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What to expect from the new Digital Book World

19 October 2017

As background information, the Digital Book World Conference has been sold to Score Publishing. This post is written by the CEO of Score.

From Talking New Media:

We live in a world where everyone individually, and every organization collectively, is a publisher. Whether it’s full-blown books, or case studies and white papers, or long-form content on the web, audio content like audiobooks and podcasts, multi-modal content like interactive books and mixed-media works, and much more. We’re a publisher nation.

Digital Book World has a rich legacy of influence and impact. We will be making a variety of changes that will seek to build on this foundation of success.

In the weeks and months to come, we will be reaching out far and wide to partner with anyone and everyone we believe has value to the vast community of publishers. Expect to see some surprising and valuable alliances as we re-tool DBW.

. . . .

Publishers right now are trying to decipher how best to bring existing content into a world where people interact with computers with their voice first, and keyboards and screens second. Amidst a raft of technologies impacting old media and new media which we’ll explore at Digital Book World, this sea change to voice computing – yes, led by Amazon – will sit front and center.

Link to the rest at Talking New Media

PG has attended an enormous number of conferences and conventions, including many gatherings of lawyers and technology folk.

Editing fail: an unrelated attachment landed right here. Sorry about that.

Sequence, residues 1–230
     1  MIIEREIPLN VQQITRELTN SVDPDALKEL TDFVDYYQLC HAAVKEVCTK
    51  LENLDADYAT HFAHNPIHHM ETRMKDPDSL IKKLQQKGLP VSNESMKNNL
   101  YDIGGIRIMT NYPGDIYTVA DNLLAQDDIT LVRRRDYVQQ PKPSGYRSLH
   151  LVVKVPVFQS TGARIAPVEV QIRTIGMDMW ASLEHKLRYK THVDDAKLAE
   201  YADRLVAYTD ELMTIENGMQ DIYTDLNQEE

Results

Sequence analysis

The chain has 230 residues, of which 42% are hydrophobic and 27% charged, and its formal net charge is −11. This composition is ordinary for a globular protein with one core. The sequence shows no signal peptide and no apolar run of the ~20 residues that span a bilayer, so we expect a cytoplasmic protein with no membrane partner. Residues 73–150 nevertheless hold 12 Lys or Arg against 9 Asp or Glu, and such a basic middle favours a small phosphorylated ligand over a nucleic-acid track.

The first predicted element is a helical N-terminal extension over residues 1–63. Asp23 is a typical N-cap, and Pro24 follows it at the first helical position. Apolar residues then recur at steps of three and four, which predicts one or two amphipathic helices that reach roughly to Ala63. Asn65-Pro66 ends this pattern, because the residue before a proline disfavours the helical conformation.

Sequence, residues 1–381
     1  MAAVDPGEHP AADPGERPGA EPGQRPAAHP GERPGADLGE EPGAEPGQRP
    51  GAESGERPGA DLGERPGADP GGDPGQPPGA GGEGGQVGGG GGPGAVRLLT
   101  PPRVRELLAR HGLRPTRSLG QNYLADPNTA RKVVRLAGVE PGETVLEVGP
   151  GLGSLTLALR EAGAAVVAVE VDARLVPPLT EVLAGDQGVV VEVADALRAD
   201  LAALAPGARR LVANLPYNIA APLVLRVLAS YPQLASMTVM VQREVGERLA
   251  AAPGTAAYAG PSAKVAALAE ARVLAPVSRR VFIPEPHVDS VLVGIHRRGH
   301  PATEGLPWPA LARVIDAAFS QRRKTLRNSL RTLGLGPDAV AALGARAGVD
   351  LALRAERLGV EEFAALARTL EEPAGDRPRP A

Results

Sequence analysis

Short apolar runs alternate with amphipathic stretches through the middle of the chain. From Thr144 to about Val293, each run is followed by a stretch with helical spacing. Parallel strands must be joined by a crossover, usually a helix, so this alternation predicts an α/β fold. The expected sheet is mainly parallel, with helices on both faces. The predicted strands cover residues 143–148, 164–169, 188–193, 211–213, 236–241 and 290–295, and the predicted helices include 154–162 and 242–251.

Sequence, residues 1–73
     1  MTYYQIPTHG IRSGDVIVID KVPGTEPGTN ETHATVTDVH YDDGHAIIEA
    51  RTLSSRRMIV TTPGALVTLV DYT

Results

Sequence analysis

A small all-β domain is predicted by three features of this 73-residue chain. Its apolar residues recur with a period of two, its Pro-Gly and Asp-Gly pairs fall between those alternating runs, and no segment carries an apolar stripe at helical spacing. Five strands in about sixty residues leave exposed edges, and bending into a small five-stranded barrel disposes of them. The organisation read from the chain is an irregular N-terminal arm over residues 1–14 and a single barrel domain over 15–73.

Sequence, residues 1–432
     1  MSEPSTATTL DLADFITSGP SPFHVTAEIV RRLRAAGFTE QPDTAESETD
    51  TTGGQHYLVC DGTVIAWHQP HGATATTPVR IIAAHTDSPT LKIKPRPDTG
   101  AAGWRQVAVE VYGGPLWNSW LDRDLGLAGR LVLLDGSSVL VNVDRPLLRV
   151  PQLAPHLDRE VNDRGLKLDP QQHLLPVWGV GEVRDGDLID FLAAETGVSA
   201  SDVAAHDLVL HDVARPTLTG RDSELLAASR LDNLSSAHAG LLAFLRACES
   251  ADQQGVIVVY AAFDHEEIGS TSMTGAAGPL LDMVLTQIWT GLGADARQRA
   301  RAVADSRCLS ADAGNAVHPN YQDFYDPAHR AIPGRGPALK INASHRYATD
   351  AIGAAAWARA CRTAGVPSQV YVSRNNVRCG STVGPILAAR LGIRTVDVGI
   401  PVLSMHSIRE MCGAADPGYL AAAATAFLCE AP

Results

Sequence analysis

He has received valuable information from the legal gatherings although most of his continuing legal education these days is online, usually in the form of recorded talks by lawyers and panel discussions of lawyers provided at various physical conferences and gatherings. Speakers are almost universally comprised of a few highly-specialized attorneys. Some of these sessions are provided entirely online with no associated physical gathering.

Depending upon the technology, there is often a lot more show instead of just telling at technology conferences. For example the Adobe MAX conference, sponsored by the creators of Photoshop, Lightroom and a zillion other products focused on visual creativity is happening right now.

Suffice to say, the visuals at the Adobe conference are more interesting than a table with a white tablecloth behind which a few men and women in business dress are sitting, which is the typical visual element at virtually all lawyers’ conferences. 99% of Powerpoint presentations in such settings are boring and the rest have goofy animations, transitions, etc., that a 14-year-old could improve.

However, major keynotes and new product announcements – typically the biggest draws at a tech conference – are usually streamed live and recorded for later viewing at no cost. For PG’s level of engagement with Adobe, those provide all the information he might be seeking plus much more without attending the conference.

PG has attended a handful of conferences for authors/publishers and, based on that limited experience, suggests that these conferences are visually and structurally, very similar to legal conferences (and even worse than some legal conferences). He hasn’t seen anything like the show Adobe presents.